Featured Research

from universities, journals, and other organizations

How the negative trumps the positive in politics

Date:
October 26, 2012
Source:
British Psychological Society (BPS)
Summary:
Negatively framed political attitudes ("I don't like Romney") are stronger than positively framed attitudes ("I like Romney"), and this effect is strengthened when people think more deeply about the issues involved.

Negatively framed political attitudes ("I don't like Romney") are stronger than positively framed attitudes ("I like Romney"), and this effect is strengthened when people think more deeply about the issues involved.

Related Articles


That is the finding of a paper published October 25 in the British Journal of Social Psychology by Dr George Bizer (Union College, New York), Dr Iris Žeželj (University of Belgrade) and Jamie Luguri (Yale University).

The researchers presented participants with information about two fictional (though ostensibly real) candidates -- one conservative, one liberal -- for a position on a government board. After reading about the two candidates, some participants were asked if they 'supported' or 'opposed' the liberal candidate and some were asked if they 'supported' or 'opposed' the conservative. When the candidates were vying for a local government board, participants who were led to frame their opinions negatively -- regardless of their underlying preference -- expressed more certainty about their attitudes than did participants who were led frame their opinions positively. When the candidates were vying for a distant government board, the effect did not emerge.

Follow-up experiments replicated these findings: Experiment 2 showed that opposers were more certain than supporters, but only when the participants were able to think carefully about the candidates, while Experiment 3 showed that the effect generalized to perceived importance.

Dr Bizer says: "Our prior research showed that framing an opinion in terms of opposition yields stronger attitudes than does framing it in terms of support. The most interesting point from our latest research is that this effect is actually stronger when people process the messages more deeply -- when they are motivated and have been able to think about the issue. But when people are not motivated and able, the effect goes away. So, perhaps counter-intuitively, the people who care the most about the issues or candidates seem more likely to be affected by the bias."


Story Source:

The above story is based on materials provided by British Psychological Society (BPS). Note: Materials may be edited for content and length.


Cite This Page:

British Psychological Society (BPS). "How the negative trumps the positive in politics." ScienceDaily. ScienceDaily, 26 October 2012. <www.sciencedaily.com/releases/2012/10/121026084643.htm>.
British Psychological Society (BPS). (2012, October 26). How the negative trumps the positive in politics. ScienceDaily. Retrieved March 30, 2015 from www.sciencedaily.com/releases/2012/10/121026084643.htm
British Psychological Society (BPS). "How the negative trumps the positive in politics." ScienceDaily. www.sciencedaily.com/releases/2012/10/121026084643.htm (accessed March 30, 2015).

Share This


More From ScienceDaily



More Science & Society News

Monday, March 30, 2015

Featured Research

from universities, journals, and other organizations


Featured Videos

from AP, Reuters, AFP, and other news services

Prince Charles Touts Importance of 'Earth Hour'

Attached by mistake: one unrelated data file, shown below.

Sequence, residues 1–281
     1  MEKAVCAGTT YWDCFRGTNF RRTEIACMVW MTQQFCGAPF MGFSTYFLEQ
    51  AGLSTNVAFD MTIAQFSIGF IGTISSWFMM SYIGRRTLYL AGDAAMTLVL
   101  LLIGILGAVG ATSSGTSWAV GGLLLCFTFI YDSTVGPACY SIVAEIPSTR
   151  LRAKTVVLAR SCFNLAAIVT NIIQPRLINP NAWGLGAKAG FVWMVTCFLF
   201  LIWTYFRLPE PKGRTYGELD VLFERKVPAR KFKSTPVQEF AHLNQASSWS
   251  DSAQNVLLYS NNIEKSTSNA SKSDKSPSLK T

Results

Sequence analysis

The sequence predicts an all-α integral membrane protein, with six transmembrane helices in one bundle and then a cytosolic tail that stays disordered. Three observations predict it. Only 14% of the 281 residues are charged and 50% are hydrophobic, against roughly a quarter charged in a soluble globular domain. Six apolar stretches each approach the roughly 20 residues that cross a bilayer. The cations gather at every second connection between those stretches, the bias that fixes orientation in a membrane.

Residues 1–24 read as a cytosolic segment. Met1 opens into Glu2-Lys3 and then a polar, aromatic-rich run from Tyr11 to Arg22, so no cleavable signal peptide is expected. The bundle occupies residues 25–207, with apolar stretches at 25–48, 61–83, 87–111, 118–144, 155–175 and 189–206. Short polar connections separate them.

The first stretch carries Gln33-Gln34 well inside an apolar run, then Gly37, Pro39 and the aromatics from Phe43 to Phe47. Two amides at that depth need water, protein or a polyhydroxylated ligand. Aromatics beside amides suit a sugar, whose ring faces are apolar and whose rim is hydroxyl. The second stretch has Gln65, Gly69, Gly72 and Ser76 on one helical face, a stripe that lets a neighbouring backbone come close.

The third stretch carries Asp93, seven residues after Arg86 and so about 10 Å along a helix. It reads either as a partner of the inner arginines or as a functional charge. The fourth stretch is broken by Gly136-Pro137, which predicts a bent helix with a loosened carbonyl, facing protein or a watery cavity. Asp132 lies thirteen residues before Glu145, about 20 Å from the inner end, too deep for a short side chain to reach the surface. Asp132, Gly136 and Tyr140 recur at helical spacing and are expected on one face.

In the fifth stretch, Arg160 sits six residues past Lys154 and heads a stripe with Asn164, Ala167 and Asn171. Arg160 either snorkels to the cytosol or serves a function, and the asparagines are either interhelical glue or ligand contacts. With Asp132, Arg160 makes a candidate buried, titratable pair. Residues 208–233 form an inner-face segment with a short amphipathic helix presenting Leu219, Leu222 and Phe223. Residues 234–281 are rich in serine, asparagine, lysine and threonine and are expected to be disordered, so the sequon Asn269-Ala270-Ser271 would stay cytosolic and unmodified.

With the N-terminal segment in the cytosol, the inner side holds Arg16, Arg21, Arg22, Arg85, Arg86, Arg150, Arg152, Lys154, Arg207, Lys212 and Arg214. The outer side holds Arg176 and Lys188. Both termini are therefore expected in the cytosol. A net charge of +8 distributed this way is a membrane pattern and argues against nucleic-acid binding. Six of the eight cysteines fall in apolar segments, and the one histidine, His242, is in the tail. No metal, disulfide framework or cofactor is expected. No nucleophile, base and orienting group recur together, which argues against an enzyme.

Prince Charles Touts Importance of 'Earth Hour'

AP (Mar. 28, 2015) People across Asia gathered to watch as the lights in their cities went out as part of Earth Hour 2015, an environmental awareness campaign that Prince Charles called a reminder "that together we have the power to change things." (March 28) Video provided by AP
Powered by NewsLook.com
Why So Many People Think NASA's Asteroid Mission Is A Waste

Why So Many People Think NASA's Asteroid Mission Is A Waste

Newsy (Mar. 27, 2015) The Asteroid Retrieval Mission announced this week bears little resemblance to its grand beginnings. Even NASA scientists are asking, "Why bother?" Video provided by Newsy
Powered by NewsLook.com
Sierra Leone in Ebola Lockdown

Sierra Leone in Ebola Lockdown

Reuters - News Video Online (Mar. 27, 2015) Millions of people in Sierra Leone are urged to stay at home in a three-day lockdown to help end the country&apos;s Ebola outbreak. Paul Chapman reports. Video provided by Reuters
Powered by NewsLook.com
WH Plan to Fight Antibiotic-Resistant Germs

WH Plan to Fight Antibiotic-Resistant Germs

AP (Mar. 27, 2015) The White House on Friday announced a five-year plan to fight the threat posed by antibiotic-resistant bacteria amid fears that once-treatable germs could become deadly. (March 27) Video provided by AP
Powered by NewsLook.com

Search ScienceDaily

Number of stories in archives: 140,361

Find with keyword(s):
Enter a keyword or phrase to search ScienceDaily for related topics and research stories.

Save/Print:
Share:

Breaking News:

Strange & Offbeat Stories


Science & Society

Business & Industry

Education & Learning

In Other News

... from NewsDaily.com

Science News

Health News

Environment News

Technology News



Save/Print:
Share:

Free Subscriptions


Get the latest science news with ScienceDaily's free email newsletters, updated daily and weekly. Or view hourly updated newsfeeds in your RSS reader:

Get Social & Mobile


Keep up to date with the latest news from ScienceDaily via social networks and mobile apps:

Have Feedback?


Tell us what you think of ScienceDaily -- we welcome both positive and negative comments. Have any problems using the site? Questions?
Mobile: iPhone Android Web
Follow: Facebook Twitter Google+
Subscribe: RSS Feeds Email Newsletters
Latest Headlines Health & Medicine Mind & Brain Space & Time Matter & Energy Computers & Math Plants & Animals Earth & Climate Fossils & Ruins